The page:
- Pregnant women should limit their use of lead-glazed mugs
or cups for hot beverages, since lead is harmful to fetuses.
(To read the full statement from the National Safety
Council, go to http://www2.nsc.org/issues/lead/leadindishes.htm.)
Small and Large Risks of Lead Exposure in
Small: Electronic Soldering
- "Simple lead-tin soldering operations at
controlled working temperatures typically do not generate significant
lead fume concentrations." [Burgess, p. 381]
Large: Poor Hygiene Practices and Certain Small Workshops
- "Occupational exposure to lead is dependent not only upon the
concentrations of lead in workplace air but also upon the personal hygiene and personal
habits of the worker."
- "The lead hazard is particularly acute in small
companies/operations, often employing no more than three or four workers, engaged in
radiator repair, leaded or stained glass production, laboratories, or ceramics." (ACGIH)
Lead in Plastic Cable and Wire
"Some employees in the manufacturing of polyvinyl chloride-based
plastics work with lead-containing stabilizers, including dibasic lead phthalate, lead
chlorosilicate, and basic lead carbonates, all of which can produce dust when agitated.
Lead stabilizers account for approximately 60 % of all stabilizer consumption and are used
especially in plastic compounds requiring heat stability and tensile strength, as in
electrical insulation. Cable and wire manufacturing and splicing of cables, are other
examples in which there is risk for occupational lead exposure, although the replacement
of powdered stabilizers with pellet-formed stabilizers has been beneficial in reducing
this risk for cable manufacturing workers." (p, 975, Occupational and Environmental Exposure to Lead, Alf Fischbein
Lead in Paint for Construction
"The use of red lead as a protective agent for ships, bridges,
railways, and various other iron and steel structures is essential even today and of great
economic significance." (p. 975, Occupational and Environmental Exposure to Lead,
Alf Fischbein in Rom)
Lead in Residential Paint and Plumbing
About 90% of pre-1940 homes and 60% of pre-1978 homes contain
lead-based paints. In 1977 the Consumer Product Safety Commission banned "lead
containing paint" prohibiting the use of such paint on products to which consumers
are exposed after sale (42 FR 44199). In 1986 the Environmental Protection Agency banned
the further use of lead pipes and solder in residential plumbing. (Coluccio VM. Lead-Based Paint Hazards. Wiley, John & Sons; 1997, p.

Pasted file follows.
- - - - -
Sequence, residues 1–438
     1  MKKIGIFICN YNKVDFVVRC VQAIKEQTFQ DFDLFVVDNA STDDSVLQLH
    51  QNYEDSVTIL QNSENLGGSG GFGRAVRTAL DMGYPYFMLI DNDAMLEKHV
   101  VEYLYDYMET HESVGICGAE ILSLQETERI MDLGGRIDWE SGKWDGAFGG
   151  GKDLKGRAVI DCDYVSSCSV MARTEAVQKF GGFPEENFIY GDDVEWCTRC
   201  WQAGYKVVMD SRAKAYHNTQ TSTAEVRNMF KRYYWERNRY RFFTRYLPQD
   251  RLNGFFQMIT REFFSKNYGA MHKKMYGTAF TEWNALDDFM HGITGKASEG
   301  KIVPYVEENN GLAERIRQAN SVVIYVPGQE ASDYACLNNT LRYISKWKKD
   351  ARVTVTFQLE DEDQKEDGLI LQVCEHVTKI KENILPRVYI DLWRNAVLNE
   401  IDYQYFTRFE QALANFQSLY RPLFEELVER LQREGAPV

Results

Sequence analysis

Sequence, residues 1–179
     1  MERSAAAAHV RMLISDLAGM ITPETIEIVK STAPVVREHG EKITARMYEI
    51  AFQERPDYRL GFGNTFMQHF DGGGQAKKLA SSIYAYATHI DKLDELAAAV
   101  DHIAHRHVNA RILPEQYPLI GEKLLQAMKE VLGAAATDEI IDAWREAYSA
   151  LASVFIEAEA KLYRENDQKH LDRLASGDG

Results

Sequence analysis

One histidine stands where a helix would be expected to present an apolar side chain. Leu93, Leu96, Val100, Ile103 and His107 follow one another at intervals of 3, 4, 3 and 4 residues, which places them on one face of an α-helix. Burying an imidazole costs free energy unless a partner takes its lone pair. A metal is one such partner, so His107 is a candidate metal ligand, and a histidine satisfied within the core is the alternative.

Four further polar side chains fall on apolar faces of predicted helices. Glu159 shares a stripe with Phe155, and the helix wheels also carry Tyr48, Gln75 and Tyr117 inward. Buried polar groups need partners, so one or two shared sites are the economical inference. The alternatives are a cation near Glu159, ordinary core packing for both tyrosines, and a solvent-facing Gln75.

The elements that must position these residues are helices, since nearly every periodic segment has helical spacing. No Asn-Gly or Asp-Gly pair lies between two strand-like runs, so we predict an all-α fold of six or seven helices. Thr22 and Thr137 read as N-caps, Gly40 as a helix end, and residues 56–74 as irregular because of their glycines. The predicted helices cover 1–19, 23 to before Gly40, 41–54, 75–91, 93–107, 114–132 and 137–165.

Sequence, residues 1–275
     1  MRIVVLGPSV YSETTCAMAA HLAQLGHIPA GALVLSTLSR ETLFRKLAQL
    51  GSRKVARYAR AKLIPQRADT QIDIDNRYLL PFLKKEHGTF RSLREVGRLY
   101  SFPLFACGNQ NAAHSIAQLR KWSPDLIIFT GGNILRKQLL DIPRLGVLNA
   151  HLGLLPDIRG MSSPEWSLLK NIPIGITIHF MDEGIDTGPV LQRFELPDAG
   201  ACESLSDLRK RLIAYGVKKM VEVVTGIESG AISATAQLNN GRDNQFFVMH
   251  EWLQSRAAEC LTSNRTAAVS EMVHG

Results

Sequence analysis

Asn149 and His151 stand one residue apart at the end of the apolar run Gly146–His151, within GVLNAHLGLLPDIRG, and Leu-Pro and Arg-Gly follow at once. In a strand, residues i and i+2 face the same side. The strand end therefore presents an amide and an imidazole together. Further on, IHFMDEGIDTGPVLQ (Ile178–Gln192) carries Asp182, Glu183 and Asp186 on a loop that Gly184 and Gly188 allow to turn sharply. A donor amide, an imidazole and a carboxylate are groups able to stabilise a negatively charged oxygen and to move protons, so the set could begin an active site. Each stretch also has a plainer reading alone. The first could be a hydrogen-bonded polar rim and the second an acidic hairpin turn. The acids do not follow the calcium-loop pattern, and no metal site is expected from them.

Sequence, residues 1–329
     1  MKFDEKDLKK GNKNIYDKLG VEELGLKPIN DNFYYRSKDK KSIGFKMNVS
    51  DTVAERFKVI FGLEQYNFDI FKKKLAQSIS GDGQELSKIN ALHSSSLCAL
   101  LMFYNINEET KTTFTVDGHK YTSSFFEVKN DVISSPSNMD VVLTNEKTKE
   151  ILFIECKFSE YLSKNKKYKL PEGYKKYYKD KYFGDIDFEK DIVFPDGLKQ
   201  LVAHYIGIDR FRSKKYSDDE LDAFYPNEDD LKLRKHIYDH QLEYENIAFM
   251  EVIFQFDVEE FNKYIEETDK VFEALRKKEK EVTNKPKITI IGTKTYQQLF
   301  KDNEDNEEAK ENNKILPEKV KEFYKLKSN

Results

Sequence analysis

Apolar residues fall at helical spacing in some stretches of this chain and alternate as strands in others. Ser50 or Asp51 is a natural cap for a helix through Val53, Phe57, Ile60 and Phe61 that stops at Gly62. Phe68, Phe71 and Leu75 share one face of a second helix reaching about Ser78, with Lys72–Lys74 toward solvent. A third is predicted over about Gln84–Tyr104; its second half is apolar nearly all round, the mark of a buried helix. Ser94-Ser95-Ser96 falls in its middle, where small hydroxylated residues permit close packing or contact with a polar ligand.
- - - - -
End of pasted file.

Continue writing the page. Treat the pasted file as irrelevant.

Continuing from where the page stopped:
Lead in Mineral Wool Insulation
"Mineral wool insulation manufactured before 1970 has been found to
have lead particles. According to industry sources, lead slag is no longer used in the
manufacture of mineral wool, although lead can be present as a trace impurity."
Lead Exposures in the Construction Industry" Go to this OSHA site and
do an "edit/find" for "mineral wool" from your browser's
Lead in the Construction Industry: High Risk
Projects Targeted by OSHA in 1993
|Highway and railroad bridge rehabilitation|
|Commercial and institutional remodeling|
|Highway and railroad bridge repainting|
|Reinsulation over existing mineral wool|
|Commercial and industrial demolition|
|Petroleum tank repainting |
|Water tank repainting|
|Transmission and commercial tower maintenance|
|Outdoor industrial facility maintenance/renovation|
|Housing lead abatement (public housing)|
|Indoor industrial facility maintenance/renovation |
|Stained glass window removal|
|Underground storage tank demolition |
|Housing lead abatement (private housing) *|
|Lead joint work on cast iron soil pipes *|
|Installation of radiation shielding *|
|Elevator cable babbitting *|
|Electrical cable splicing *|
|Repair/removal of water lines *|
|Installation of terne roofing *|
- *Lead exposure levels on these projects are not expected to exceed the
action level of 30 ug/m3.
- For more details, see "Controlling Lead Exposures in the
Construction Industry" at the OSHA Technical Manual website.
Terne or terneplate: "Sheet iron or steel plated with an alloy of three or
four parts of lead to one part of tin, used as a roofing material." (American
Heritage Dictionary, 3rd Ed.)
Babbitt metal: "One of a group of soft alloys used
widely for bearings. They have good bonding characteristics with the substrate metal,
maintain oil films on their surfaces, and are non-seizing and anti-friction. . . . the
main types are lead base, lead-silver base, tin base, cadmium base, and arsenical." (Condensed Chemical Dictionary)
Frit: ". . . finely ground inorganic minerals,
mixed with fluxes and coloring agents which turn into a glass or enamel on heating."
(Condensed Chemical Dictionary)
Revised April 11, 2011